The U.S. Border Patrol plans to poison the plant life along a 1.1-mile stretch of the Rio Grande riverbank as soon as Wednesday to get rid of the hiding places used by smugglers, robbers and illegal immigrants.
If successful, the $2.1 million pilot project could later be duplicated along as many as 130 miles of river in the patrol's Laredo Sector, as well as other parts of the U.S.-Mexico border.
Although Border Patrol and U.S. Environmental Protection Agency officials say the chemical is safe for animals, detractors say the experiment is reminiscent of the Vietnam War-era Agent Orange chemical program and raises questions about long-term effects.
"We don't believe that is even moral," said Jay Johnson-Castro Sr., executive director of the Rio Grande International Study Center, located at Laredo Community College, adjacent to the planned test area.
"It is unprecedented that they'd do it in a populated area," he said of spraying the edge of the Rio Grande as it weaves between the cities of Laredo and Nuevo Laredo, Mexico.
Border Patrol agent Roque Sarinana said the pilot project aims to find the most efficient way to keep agents safer and better protect the nation's border. "We are trying to improve our mobility and visibility up and down the river," Sarinana said.
Criminals have grown adept at using the dense foliage to elude capture, he said.
"They can come over almost undetected," he said.
Should the Border Patrol project prove efficient, cane removal could become part of its arsenal of tools that have been used along various parts of the U.S.-Mexico border, including walls, fencing and look-out towers.
Members of the Laredo City Council have raised concerns about the spraying program and called on Mexico President Felipe Calderon to intervene.
Mexican officials are raising concerns the herbicide could threaten the water supply for Nuevo Laredo.
A U.S. government outline of the project indicates the Border Patrol is going to test three methods to rid the 1.1-mile bank of river of carrizo cane, which has thick stalks that form tight, isolated trails that can be dark and all but invisible from higher up on the bank.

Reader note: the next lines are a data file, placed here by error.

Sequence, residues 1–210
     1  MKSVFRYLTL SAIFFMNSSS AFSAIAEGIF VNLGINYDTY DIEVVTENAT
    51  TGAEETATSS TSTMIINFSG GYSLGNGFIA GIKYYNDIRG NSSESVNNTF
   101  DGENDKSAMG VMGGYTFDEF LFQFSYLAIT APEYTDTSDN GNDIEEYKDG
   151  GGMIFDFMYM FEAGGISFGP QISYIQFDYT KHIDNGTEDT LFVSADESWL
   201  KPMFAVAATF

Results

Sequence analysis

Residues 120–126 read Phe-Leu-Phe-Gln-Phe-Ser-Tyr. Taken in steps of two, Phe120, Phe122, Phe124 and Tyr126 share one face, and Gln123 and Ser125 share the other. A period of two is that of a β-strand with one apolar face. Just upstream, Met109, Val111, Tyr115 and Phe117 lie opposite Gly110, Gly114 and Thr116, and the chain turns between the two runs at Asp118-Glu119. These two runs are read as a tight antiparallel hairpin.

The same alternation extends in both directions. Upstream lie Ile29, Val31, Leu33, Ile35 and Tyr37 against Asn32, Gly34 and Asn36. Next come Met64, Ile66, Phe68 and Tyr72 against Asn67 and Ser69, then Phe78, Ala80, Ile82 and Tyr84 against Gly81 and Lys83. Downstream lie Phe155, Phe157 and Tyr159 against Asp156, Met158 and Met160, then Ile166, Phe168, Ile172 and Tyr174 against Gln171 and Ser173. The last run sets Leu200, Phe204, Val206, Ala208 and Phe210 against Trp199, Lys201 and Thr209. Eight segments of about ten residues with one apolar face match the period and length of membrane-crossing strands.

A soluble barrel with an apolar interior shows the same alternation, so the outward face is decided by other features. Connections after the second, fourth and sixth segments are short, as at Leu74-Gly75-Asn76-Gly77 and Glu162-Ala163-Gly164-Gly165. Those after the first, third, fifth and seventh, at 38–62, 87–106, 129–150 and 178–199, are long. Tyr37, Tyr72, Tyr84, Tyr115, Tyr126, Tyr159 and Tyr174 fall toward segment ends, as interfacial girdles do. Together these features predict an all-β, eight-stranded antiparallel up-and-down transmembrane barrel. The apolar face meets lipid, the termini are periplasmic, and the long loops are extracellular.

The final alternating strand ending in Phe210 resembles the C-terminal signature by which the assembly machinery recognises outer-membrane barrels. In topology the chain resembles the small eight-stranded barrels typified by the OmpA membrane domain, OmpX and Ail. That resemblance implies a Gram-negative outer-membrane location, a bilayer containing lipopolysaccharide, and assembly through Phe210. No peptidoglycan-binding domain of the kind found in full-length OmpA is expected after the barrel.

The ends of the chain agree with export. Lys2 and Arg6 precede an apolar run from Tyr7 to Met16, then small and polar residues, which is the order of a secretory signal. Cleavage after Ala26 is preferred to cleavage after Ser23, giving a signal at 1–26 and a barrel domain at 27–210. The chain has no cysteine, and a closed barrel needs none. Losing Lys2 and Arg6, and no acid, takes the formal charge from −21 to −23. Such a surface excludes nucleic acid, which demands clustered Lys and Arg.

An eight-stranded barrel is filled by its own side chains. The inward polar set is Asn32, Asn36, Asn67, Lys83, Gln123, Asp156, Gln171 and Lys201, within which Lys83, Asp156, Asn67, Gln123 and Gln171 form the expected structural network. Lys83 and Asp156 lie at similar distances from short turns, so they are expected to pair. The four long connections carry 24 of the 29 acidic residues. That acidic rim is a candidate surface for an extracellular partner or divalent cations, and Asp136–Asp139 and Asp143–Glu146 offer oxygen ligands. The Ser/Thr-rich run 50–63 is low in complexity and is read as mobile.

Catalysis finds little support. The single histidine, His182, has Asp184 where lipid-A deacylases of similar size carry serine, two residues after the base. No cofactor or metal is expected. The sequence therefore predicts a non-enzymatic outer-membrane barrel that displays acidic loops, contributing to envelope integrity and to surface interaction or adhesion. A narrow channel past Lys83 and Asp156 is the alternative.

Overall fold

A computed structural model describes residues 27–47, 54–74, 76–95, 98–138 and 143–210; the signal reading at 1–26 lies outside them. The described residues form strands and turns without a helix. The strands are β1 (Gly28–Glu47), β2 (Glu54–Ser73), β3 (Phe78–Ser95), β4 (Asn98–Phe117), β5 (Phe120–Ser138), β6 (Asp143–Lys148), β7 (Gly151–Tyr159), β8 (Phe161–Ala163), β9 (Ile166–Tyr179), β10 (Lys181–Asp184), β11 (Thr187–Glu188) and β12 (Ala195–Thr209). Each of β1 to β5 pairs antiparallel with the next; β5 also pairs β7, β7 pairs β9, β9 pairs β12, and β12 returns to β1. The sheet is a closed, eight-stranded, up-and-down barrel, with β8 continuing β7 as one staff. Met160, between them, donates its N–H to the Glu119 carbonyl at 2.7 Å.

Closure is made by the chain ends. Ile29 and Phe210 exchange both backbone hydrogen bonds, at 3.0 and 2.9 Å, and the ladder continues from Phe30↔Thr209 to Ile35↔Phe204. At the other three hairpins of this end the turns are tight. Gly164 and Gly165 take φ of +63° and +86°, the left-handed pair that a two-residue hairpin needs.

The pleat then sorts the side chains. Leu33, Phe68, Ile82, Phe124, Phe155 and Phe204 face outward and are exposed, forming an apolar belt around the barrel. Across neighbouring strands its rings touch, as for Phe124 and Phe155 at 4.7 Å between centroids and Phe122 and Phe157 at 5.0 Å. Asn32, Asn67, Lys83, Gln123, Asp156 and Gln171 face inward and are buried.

One method calls for the cane to be cut by hand and the stumps painted with the herbicide, Imazapyr.
Another involves using mechanical equipment to dig the cane out by the roots. It is unclear if herbicides would be necessary in this scenario.
The third and most controversial removal method calls for helicopters spraying Imazapyr directly on the cane - repeatedly - until all plant life in the area is poisoned.
The Border Patrol said that after using the herbicide, it plans to make the river's edges green again by planting native plants.
Johnson-Castro said he has no issue with removing the cane, a non-native plant brought by the Spaniards centuries ago. The challenge, he said, is how it is done.
"We are saying it is one hell of a big deal," he said.
Laredo Mayor Raul Salinas said he believes federal officials when they say testing shows the chemical is not dangerous, but that he also realizes opponents of the project have concerns to evaluate.
"It is a complicated situation because we have to think about protecting our border," said Salinas, a retired FBI agent. "But let's do it in a sensible, reasonable way to make sure humans won't be harmed, nor the vegetation, nor the animals, nor the environment."